of sickness the maintenance goes on Just
the same as in health. The maintenance
is small at the present time, but will
grow as the colony grows richer.
Every one, old and young, in the col
ony receives a maintenance allowance of
so many hours per week. The adult re
ceives twenty-five hours and children re
ceive ten hours. Supplies can be obtain
ed at the general community store in ex
change for these hour checks. Nine
hours constitute a day's work, and they
have a Saturday half-holiday.
MADE TRAMP WORK.
Michigan Landlady Compels a Man
to Beat Carpets.
NILES, Mich., April 16.— A tramp ap
plied for a meal at the Forler house yes
terday, .and promised the landlady, Mrs.
Charles Whitstone, he would beat carpets
After the meal was finished the tramp
refused to do the work, and started away.
Mrs. Whitstone grabbed a potato masher
and broke It to pieces over his head.
The fellow cried for mercy, and pound
ed carpets for two hours, while the
plucky woman stood guard over him.
The children of the blackest Africans
are born whitish. In a month they be
come pale yellow; in a year, brown; at 4,
dirty black, and at 6 or 7, glossy black.
IS YOTJR GIRL GOING
Try GLOBE Want Ads. and get
one equally as good. If not better.
Leave your ad. at the nearest Drug
W COMBINED TREATMENT u '£
-OF THE GREAT CUi?ATIVE PQWEfci
REFERENCES: Best Banks and Leading; Business Men
of this City.
sn iife.^risTcro^r/io^r^?! reakes him ™%&*
tro-Medh-alTnsHt 1 !^/^! 1 ? ftff*??^ ™ edlcin «* fal1 * to cure, go to the State Elec
h,.iT.ki c a , ru k. let ,ts Electrical and Medical Specialists Drove to yon
all els/Jhas fafl°ed lblned B sectro-Medteel treatment they Sfn cure you even Uen
used *£££> medlcal °J electrical treatment has proven to be when
used separately under proper advice, the combining of these two ertat cura
tor! Kfn^J^ 6 Produces f cGrativc f power* never ,t
fhPn?,?^!*"' impossible to secure by either medicine or electricity used in
hinpflwmLi, Does it not appeal to your intelligence that the two com
«ivf 1 - h . I ? ore lt l a , n when used separately? Thene able and progres
nh% phphv 1 ;*;?! vt'?^'^ l^ ng most wonderful results in curing NERV
WOMEN BLOOD Diseases, and all difficult diseases of MEN AND
A cordial invitation is extended to all physicians or specialists having diffi
cult or stubborn cases to bring their patients to the institute for treatment un
der Its improved system. Some doctors fail because of treating the wrong dis
a^« iS^™ 8 ..'/™."? 1 knowing the right treatment. NO MISTAKES HKRE
Ai\o !\o PAII.I.RE*. In seeking treatment the following oualificatlons should
fatioli for conslderatlon: Ability, experience, skill and an established repu-
All of which are possessed by the specialists of this institute and are neces
sary for the successful and satisfactory treatment of any disease
means have faHed absolutely cured by this treatment after all other
WRITE if you cannot call. Letters confidential and answered in all lan-
We have the most successful home treatment known to the medical pro
fession and thousands who were unable to call at office have been cured at
home by our combined electro-medical treatment. cureu at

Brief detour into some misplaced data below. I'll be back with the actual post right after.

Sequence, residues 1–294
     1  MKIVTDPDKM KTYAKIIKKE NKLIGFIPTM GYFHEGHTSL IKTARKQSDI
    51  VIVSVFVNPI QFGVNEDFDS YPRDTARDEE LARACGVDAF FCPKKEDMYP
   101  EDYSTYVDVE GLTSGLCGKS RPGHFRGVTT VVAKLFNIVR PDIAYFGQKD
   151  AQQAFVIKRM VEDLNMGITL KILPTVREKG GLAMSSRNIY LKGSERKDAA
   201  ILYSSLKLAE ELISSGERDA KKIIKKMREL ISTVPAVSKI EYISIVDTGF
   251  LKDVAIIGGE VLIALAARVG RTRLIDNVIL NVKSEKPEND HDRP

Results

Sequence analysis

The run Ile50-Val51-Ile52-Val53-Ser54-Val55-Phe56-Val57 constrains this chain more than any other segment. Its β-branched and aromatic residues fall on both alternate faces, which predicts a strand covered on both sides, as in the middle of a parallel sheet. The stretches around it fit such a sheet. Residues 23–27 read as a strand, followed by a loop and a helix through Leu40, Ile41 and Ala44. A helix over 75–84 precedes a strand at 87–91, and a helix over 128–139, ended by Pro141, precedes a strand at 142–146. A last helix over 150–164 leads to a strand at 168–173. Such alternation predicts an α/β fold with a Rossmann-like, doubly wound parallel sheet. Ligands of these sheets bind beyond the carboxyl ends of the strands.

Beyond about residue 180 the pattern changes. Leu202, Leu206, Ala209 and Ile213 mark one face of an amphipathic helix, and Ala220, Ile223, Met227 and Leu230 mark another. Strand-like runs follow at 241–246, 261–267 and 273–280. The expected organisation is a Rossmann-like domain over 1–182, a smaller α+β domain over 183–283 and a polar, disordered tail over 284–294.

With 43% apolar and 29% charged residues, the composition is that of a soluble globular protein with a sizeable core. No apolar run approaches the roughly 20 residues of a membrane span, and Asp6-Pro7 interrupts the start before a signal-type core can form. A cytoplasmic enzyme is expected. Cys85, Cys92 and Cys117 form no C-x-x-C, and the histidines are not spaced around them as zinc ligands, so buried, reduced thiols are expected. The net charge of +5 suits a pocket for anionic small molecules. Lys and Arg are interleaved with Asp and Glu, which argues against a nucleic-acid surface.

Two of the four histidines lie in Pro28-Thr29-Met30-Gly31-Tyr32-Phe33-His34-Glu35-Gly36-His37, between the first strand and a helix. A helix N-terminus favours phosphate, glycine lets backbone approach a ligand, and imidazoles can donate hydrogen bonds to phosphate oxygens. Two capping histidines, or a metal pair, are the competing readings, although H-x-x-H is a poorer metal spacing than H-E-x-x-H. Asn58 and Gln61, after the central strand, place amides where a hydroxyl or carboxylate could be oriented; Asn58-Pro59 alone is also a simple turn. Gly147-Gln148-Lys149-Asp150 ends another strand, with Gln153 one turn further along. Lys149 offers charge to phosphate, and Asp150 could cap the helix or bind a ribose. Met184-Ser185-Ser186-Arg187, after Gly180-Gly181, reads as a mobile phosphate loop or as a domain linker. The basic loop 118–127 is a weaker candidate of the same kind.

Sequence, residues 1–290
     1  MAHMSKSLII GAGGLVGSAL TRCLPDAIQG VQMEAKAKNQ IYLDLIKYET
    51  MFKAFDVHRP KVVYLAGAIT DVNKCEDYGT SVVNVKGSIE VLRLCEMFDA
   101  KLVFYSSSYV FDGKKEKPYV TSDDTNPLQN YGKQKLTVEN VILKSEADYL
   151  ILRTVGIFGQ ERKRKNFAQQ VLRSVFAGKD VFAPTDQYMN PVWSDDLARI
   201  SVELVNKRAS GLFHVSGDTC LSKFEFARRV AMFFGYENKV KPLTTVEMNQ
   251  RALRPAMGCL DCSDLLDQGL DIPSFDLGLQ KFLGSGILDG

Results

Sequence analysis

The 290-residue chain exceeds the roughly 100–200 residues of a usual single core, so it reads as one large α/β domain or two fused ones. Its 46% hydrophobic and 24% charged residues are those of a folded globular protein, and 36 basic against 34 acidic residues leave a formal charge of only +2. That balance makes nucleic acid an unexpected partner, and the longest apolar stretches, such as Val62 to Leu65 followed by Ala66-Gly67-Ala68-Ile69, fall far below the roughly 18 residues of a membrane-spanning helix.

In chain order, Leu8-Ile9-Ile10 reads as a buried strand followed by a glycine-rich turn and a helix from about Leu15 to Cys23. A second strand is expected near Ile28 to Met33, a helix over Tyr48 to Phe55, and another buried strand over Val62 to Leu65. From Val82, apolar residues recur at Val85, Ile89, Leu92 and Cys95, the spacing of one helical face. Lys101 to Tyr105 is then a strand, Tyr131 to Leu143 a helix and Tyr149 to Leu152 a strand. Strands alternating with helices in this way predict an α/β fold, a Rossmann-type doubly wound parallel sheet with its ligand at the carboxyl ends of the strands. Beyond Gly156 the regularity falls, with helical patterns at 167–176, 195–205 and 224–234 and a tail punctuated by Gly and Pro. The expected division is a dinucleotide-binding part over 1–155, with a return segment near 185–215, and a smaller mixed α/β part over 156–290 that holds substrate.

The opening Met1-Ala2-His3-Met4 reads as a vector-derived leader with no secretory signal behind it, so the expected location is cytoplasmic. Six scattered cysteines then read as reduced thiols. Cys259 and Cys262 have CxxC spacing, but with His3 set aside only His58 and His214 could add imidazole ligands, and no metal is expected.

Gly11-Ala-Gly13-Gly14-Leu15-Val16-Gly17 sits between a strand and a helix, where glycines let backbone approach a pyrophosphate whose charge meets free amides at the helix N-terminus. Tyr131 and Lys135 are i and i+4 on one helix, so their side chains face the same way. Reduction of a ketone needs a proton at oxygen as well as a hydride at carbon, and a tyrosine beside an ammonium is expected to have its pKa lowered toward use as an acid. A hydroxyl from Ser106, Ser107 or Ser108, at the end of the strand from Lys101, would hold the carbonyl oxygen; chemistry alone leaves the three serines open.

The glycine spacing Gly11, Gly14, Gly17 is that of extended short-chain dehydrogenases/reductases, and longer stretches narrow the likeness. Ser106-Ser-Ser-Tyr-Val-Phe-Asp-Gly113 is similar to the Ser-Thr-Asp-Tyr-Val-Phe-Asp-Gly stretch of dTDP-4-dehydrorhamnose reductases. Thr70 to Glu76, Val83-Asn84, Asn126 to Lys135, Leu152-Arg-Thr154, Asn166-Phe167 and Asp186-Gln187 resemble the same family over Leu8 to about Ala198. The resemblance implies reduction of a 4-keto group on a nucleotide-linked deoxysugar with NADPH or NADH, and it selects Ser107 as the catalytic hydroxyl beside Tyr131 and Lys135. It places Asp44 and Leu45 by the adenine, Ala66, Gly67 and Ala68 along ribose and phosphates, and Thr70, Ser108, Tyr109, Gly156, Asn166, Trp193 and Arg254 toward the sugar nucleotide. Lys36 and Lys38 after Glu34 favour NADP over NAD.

CURE GUARANTEED IN EVERY CASE ACCEPTED.
Open Ba.m.to Sp. m., 6:30 to Bp. tn. Sundays, 10 a. m. to 12:3'J p. m .
State Electro- Medical Institute,
301 Hennapin Av.,Cor. 3d St., Minneapolis, Minn.
mi ii i iiimi ii i mm milium ii r---~— -Trns- 1 ii i- ,. rifclJl . |l , |iii I
. SEIZED CIGARETTES. heen defrauded of a large amount in
taxes which should have been paid upon
Ten Thousand Packages at Mlhrau. them by the manufacturers.
k«e Said to Re Over Weight. /f he re 7 etiue Jaws provide that cigar
mitivaitvpp -nr- » i* rr» ettes anr3 c '** ars which weigh more than
ML-ULKEE, Wis., April IC.-The three pounds per thousand must pay a
? n 0l nn A Ctor ? f lnternal revenue has seized tax of $3.60, while those under that flg
-10,000 packages of cigarettes stored in U re arc taxed at the rate of $1 for each
the warehouse of tho Bartlett Cigar com- 1.000. These goods wheh seized wera
pany on West Water street, it was found to weigh three pounds and seven
charged that the packages were over- ounces to each 1.000. They were raanu
weight, and that the government had factured In New York.
' i i iiii — i ■.■■n ■■■■ mi ■■ i i, m ,
A Boon in Convalescence I
Dr. F. A. Hodgdon, of Maiden, Mass.,
j writes: " Johann Hoff's Malt Extract has been
-j-. one of my favorite preparations when an agent is
I ISSUe needed to build up tissue in convalescence follow-
Builder Ing fever, pneumonia, etc.
Johann Hoff'S Malt Extract
WWII I Will I ■Mm i
111 ,- "?^P^^^^ * cure for a^ pain. Avoid
MARY'S URGENT NEED
"I have a bad breath and a coated tongue,'*
writes Mary O'Connor to- the Editor of the
Medical Advice Column of a New York daily
paper. Mary also notices a bad taste in her
mouth. What Mary requires is a Ripans Tabulc.
A single one will banish the bad taste in the
mouth, half a dozen will take the coating off the
tongue, and then the bad breath will be gone.
A new style paoket containing ten mpanb tabtobs In a paper carton (without glass) is now for sale at some
drug Blores-roii I1T« Cemtb. This low-priced sort Is intruded forthe poor and the economical. One down
i&S! Sj'vA'mß*' o^. ( !£Js£ U v es) c £ n 6? had b y m * U fa y "ending forty-eiurht cents to the Kifaxs cbhuual
'lourAa r, No. 10 Spruce Street, N«w X ork-or a tingle carton (i«« tabules) wiU he sent for Are conU.